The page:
In a published decision released last week, the BIA held that an Immigration Judge may not go behind the record of conviction to determine whether a crime involves moral turpitude. Matter of Ahortalejo-Guzman, 25 I&N Dec. 465 (BIA 2011) (Cole, Pauley, and Greer). Board member Pauley wrote for the panel.
This case involves an individual who entered without inspection and was later convicted by guilty plea of assault in Texas. Matter of Ahortalejo-Guzman, 25 I&N Dec. at 465. The IJ found that Ahortalejo-Guzman was not eligible for Cancellation of Removal for Non-LPRs because his conviction was a CIMT. Matter of Ahortalejo-Guzman, 25 I&N Dec. at 466.
To reach this determination the IJ, relying on Matter of Silva-Treviño, 24 I&N Dec. 687, 696-704 (A.G. 2008), used statements contained in a police report and the respondent’s removal hearing testimony indicating that the victim of the respondent’s assault was his wife. Matter of Ahortalejo-Guzman, 25 I&N Dec. at 467. Silva-Treviño allows an IJ to “consider evidence beyond the record [of conviction]” “when the record of conviction fails to show whether the alien was convicted of a crime involving moral turpitude.” Matter of Ahortalejo-Guzman, 25 I&N Dec. at 467 (quoting Matter of Silva-Treviño, 24 I&N Dec. at 699).
The IJ’s decision to turn to evidence outside the record of conviction was a key analytical maneuver because simple assault is not a CIMT, but assault involving family violence is a CIMT because of the additional aggravating factor of family violence. Matter of Ahortalejo-Guzman, 25 I&N Dec. at 467. The BIA explained that neither the police report nor the respondent’s testimony were part of the record of conviction. Matter of Ahortalejo-Guzman, 25 I&N Dec. at 467.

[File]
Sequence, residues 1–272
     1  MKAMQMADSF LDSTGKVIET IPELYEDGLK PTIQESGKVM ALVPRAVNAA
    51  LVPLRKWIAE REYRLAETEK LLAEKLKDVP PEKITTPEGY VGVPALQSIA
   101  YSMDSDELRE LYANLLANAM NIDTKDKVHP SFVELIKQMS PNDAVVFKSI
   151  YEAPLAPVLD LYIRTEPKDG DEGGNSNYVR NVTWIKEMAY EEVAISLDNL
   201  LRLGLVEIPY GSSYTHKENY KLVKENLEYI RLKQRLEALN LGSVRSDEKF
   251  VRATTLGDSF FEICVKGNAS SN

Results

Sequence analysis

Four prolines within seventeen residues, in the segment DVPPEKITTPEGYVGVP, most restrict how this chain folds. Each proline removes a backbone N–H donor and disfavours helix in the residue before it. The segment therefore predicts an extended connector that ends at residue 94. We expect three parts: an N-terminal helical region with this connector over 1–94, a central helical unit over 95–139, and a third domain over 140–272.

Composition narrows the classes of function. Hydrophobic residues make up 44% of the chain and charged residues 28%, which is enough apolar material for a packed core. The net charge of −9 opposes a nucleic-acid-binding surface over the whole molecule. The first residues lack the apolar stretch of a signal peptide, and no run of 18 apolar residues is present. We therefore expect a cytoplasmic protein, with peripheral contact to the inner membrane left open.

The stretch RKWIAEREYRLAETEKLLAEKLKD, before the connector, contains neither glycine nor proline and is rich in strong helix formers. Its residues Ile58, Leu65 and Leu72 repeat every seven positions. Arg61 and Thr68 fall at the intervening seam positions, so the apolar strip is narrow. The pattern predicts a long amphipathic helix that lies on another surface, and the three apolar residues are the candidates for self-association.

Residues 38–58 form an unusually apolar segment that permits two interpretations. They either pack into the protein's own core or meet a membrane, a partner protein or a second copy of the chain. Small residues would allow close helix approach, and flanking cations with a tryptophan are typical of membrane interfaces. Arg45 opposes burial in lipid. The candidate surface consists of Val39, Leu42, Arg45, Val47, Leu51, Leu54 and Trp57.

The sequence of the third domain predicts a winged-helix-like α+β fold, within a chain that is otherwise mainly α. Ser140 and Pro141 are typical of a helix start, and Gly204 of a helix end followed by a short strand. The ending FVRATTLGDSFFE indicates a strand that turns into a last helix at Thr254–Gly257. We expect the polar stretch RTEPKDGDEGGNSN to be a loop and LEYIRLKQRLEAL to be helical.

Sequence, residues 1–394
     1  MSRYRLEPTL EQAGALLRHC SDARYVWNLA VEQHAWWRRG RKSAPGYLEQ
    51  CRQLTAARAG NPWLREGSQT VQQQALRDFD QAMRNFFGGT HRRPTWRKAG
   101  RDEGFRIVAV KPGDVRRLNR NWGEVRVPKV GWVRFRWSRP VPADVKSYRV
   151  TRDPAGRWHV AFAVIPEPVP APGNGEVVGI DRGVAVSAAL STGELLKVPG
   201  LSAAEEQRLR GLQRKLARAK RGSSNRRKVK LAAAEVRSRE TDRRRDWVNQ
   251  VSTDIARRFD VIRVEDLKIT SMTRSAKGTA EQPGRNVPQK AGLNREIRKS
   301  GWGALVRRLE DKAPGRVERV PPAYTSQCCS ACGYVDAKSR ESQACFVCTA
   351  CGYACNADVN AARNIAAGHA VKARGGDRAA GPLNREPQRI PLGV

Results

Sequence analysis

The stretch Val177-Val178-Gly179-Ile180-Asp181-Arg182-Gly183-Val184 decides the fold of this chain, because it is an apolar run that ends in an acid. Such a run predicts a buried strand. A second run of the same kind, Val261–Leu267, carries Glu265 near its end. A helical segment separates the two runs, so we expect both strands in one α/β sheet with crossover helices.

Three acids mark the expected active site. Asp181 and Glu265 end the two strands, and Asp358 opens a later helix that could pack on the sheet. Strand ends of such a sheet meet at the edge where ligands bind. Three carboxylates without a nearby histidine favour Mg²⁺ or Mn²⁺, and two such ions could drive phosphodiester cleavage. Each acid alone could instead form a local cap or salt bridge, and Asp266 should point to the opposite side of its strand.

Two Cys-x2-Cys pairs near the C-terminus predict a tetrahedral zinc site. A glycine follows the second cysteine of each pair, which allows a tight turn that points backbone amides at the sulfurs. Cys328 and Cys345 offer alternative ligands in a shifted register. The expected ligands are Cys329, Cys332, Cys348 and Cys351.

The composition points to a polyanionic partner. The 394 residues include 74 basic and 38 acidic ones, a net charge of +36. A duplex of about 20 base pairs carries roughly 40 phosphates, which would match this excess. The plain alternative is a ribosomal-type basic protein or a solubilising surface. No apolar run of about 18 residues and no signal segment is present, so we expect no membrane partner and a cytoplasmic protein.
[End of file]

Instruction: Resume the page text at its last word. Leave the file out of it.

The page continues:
As such, evidence of the victim’s identify was not contained in the record of conviction. Because the record of conviction did not indicate that the assault involved family violence, the BIA held that the record of conviction could not support a finding that the respondent was “convicted” of assault involving family violence as is necessary to be ineligible for Cancellation. INA § 240A(b)(1)(C).
Importantly, the record of conviction—specifically, the judgment and sentence—explicitly stated that the trial court found that the respondent’s offense “‘did not involve family violence.’” Matter of Ahortalejo-Guzman, 25 I&N Dec. at 468 (quoting the trial court judgment and sentence). Consequently, the BIA determined that “[w]here the record of conviction conclusively shows that a conviction does not involve family violence, the fact that other evidence outside the record of conviction may indicate that the victim was part of the offender’s family does not establish that the offender was convicted on that basis (i.e., that such fact was found beyond a reasonable doubt for purposes of the guilty plea)….” Matter of Ahortalejo-Guzman, 25 I&N Dec. at 468-69.
This result of this explicit finding by the trial court that the respondent’s offense does not include the critical aggravating factor that would have converted this offense from one not involving moral turpitude to one involving moral turpitude is that Matter of Ahortalejo-Guzman might have much more limited reach than would otherwise be true. Many—perhaps most—trial courts do not go out of their way to explicitly include in the record of conviction a statement regarding what they did not find.
As such, the BIA’s decision seems to leave room open for an IJ to turn to documents like the police report that are outside the record of conviction where the record of conviction does not “conclusively” show that a conviction does not involve moral turpitude. Matter of Ahortalejo-Guzman, 25 I&N Dec. at 468. We will have to wait to see how IJs interpret it.